The evidence is less than robust for the treatment for PN with standard medication. Various studies have been conducted on the conventional treatment of PN usingtricyclic antidepressants (TCAs),3 4 gabapentin,5 pregabalin6,,8 and opiates.9 The evidence generated from these trials suggests low or no efficacy of TCAs and gabapentin in PN caused by chemotherapy or diabetes. Pregabalin appears to be effective, but it is expensive and retains a poor side-effect profile. In diabetic neuropathy, however, preliminary studies show some promise in using acupuncture as an adjunct to standard medication10,,12 and this may translate to chemotherapy induced PN.

The exact mechanism of acupuncture remains unclear. Recent research has associated acupuncture with a number of biochemical mediators including γ-aminobutyric acid, glutamate, adenosine and β-endorphin, all of which are active within the nervous system.13 14 Nerve growth factor (NGF) is currently the subject of experiments to develop medications for PN but Manni et al15 have reported on their experimental data linking acupuncture with increased NGF production. Furthermore, imaging studies show changes in limbic system and other structures.16 17 Zhao13 also showed that manual acupuncture activates all types of nerve fibres, myelinated and unmyelinated. Although there is no grand unifying theory combining all these data, it points to possible explanations for how and why acupuncture may work for patients experiencing CIPN.

Patients at an acute cancer hospital in the northwest of England with PN refractory to standard care are offered a course of acupuncture; a service that has been available since January 2009. This is an evaluation of the clinical effectiveness of the acupuncture service provided, from January 2009 to August 2010, when used in the treatment of chemotherapy-related PN, as reported by the patients treated.


The aim of this study is to explore the potential effectiveness of acupuncture in the treatment of chemotherapy induced PN.


Patients were referred by the medical staff and/or nurse specialist or they self-presented for treatment. Although patients may have been experiencing more than one problematic symptom, the primary purpose for the provision of acupuncture was to treat the PN; other conditions were secondary. Once the patients' clinical condition had been assessed as suitable for acupuncture (ie, platelet count >100×109/l), they were initially offered a course of six weekly treatments. Patient suitability to receive acupuncture was assessed prior to each session. All acupuncturists were qualified nurses trained in the western medical approach (WMA) and needles remained in situ for 30–45 min. Acupuncturists selected points to be used based on patient presentation at each session. Treatments took place either in an outpatient clinic, chemotherapy day case ward or a drop-in clinic based in a physiotherapy gym.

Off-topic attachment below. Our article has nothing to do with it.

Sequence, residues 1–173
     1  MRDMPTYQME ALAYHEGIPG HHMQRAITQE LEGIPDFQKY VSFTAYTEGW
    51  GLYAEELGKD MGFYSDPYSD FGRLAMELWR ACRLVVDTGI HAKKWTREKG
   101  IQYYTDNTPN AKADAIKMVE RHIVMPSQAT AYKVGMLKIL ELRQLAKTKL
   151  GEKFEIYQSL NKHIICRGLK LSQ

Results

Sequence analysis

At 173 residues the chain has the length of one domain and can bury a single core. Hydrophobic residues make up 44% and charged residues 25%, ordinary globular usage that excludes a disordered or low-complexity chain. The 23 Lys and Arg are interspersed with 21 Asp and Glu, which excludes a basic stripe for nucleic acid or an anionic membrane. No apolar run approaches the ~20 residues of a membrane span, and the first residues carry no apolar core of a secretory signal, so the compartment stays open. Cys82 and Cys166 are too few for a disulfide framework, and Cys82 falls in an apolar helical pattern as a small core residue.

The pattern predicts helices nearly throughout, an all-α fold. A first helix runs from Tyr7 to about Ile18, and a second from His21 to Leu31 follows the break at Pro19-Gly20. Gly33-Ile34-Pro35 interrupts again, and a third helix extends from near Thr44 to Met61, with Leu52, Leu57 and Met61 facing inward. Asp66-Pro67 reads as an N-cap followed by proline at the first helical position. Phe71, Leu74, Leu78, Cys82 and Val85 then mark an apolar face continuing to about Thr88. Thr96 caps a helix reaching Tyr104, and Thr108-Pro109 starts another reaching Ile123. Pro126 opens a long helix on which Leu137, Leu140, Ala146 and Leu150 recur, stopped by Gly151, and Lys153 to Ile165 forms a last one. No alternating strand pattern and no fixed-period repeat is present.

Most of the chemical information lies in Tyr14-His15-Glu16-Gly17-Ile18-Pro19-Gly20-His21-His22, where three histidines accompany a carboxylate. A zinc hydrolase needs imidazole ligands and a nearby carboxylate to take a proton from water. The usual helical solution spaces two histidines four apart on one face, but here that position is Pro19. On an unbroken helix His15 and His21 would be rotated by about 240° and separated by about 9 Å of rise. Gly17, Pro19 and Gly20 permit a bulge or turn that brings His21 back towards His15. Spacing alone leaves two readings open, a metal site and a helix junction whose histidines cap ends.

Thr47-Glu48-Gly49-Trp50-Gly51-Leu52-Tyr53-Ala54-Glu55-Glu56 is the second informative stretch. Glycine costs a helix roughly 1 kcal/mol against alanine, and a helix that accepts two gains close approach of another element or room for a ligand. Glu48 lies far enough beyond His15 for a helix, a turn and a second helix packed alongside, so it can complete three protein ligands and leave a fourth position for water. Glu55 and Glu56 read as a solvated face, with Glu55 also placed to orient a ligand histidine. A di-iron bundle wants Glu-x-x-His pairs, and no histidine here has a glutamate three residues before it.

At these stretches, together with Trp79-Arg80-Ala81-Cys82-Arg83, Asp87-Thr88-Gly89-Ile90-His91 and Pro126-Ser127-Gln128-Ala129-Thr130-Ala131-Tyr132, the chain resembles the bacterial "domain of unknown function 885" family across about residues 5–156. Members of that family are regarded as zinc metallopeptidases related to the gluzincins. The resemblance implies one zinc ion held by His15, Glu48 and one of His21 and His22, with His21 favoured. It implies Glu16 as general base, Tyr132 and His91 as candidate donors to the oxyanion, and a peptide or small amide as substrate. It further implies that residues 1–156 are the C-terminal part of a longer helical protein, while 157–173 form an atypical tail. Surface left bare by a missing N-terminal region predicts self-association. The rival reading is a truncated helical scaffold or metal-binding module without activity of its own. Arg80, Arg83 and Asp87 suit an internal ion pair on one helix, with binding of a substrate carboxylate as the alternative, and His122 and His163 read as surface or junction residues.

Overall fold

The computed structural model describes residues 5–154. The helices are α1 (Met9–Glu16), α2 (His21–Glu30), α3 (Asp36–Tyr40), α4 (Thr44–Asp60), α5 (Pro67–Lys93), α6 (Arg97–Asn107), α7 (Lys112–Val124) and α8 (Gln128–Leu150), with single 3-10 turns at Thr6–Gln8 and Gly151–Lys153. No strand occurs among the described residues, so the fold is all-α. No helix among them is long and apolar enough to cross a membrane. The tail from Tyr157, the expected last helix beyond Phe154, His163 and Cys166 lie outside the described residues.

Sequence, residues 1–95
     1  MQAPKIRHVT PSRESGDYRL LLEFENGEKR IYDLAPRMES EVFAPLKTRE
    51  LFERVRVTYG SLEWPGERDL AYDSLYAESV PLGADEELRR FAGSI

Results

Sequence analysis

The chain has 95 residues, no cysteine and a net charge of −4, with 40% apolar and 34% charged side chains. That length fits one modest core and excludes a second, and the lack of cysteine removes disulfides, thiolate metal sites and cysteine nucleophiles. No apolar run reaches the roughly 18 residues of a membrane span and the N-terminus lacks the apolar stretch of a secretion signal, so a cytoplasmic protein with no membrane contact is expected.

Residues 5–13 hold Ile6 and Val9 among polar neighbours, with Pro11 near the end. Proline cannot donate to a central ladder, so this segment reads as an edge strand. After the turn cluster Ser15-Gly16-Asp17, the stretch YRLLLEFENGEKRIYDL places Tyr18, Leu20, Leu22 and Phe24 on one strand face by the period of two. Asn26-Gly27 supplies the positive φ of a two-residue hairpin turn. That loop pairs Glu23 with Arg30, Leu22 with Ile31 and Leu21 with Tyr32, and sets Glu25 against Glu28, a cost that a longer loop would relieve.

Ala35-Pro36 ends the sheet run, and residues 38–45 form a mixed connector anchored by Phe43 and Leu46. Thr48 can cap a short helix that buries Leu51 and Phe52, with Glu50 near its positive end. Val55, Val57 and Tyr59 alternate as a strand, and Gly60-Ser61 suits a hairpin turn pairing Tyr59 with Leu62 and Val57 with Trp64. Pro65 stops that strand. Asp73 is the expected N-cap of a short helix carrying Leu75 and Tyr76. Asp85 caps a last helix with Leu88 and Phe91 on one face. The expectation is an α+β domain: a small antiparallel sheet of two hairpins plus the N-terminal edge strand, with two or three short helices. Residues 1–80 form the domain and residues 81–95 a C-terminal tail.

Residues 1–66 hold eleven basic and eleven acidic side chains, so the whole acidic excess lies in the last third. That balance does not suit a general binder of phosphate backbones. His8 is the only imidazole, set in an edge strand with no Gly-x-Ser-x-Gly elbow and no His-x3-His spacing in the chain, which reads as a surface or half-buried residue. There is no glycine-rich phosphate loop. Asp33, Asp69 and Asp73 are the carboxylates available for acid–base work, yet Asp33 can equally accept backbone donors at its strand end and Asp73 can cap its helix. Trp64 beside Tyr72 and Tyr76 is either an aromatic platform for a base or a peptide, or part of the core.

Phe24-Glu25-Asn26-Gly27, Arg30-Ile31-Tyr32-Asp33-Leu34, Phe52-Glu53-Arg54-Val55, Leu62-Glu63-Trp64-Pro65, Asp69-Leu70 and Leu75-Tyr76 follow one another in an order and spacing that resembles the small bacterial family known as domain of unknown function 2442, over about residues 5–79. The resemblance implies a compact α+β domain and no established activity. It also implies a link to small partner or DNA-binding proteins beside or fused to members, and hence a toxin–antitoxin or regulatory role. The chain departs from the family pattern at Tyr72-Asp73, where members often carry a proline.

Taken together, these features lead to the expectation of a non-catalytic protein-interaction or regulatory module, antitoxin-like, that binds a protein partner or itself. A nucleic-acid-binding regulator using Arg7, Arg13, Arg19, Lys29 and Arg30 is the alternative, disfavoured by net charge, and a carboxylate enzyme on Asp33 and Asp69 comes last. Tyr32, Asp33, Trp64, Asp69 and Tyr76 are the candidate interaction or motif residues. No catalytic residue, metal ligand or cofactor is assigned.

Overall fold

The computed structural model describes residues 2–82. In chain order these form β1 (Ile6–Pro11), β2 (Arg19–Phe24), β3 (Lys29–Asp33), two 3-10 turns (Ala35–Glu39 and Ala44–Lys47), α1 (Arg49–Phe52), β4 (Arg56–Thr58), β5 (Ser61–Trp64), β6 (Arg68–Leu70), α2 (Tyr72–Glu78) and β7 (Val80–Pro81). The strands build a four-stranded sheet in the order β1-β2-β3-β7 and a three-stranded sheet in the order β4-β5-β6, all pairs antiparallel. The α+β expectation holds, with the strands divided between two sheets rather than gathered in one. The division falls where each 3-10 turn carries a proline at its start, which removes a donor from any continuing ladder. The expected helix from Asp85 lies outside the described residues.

An evaluation form was completed by the therapist prior to the first session and on completion of the final (sixth) session. A different member of the team completed this final evaluation in order to minimise bias. Details of the patient and their treatment were captured and the treatment response after the 6 weeks was categorised as improved, unchanged, aggravated, increased or other. Additional benefits were also recorded, which included tick-boxes indicating relaxation, reduced stress, better sleep, improved mood, less medication and other.